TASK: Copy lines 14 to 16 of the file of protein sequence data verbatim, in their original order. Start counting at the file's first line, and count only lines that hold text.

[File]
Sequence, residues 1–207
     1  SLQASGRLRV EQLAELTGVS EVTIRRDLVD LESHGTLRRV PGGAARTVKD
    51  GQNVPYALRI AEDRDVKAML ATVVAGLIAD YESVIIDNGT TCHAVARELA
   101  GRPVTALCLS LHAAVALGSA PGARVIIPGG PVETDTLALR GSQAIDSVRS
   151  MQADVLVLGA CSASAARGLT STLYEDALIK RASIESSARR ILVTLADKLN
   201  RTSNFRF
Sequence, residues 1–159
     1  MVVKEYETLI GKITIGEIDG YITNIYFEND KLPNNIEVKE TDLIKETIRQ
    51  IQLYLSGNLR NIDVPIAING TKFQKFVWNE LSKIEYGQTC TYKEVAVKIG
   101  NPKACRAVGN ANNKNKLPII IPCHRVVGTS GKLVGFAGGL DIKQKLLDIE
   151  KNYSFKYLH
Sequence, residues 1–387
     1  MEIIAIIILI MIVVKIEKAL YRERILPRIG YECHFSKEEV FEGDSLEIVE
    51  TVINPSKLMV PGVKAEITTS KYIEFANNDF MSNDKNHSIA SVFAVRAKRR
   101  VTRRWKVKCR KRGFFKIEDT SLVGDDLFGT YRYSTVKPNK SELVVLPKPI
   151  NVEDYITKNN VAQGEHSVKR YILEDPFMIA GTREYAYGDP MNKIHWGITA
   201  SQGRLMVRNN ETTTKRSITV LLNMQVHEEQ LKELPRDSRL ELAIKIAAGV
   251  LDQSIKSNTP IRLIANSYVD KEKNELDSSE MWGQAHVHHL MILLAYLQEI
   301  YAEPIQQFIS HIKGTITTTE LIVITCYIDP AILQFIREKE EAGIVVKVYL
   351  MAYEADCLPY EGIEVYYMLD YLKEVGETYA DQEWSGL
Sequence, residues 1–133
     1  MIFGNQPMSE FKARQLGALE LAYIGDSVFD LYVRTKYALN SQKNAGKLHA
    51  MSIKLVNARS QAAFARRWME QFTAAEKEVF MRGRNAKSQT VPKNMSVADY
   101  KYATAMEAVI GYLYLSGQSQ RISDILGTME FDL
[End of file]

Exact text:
    51  TVINPSKLMV PGVKAEITTS KYIEFANNDF MSNDKNHSIA SVFAVRAKRR
   101  VTRRWKVKCR KRGFFKIEDT SLVGDDLFGT YRYSTVKPNK SELVVLPKPI
   151  NVEDYITKNN VAQGEHSVKR YILEDPFMIA GTREYAYGDP MNKIHWGITA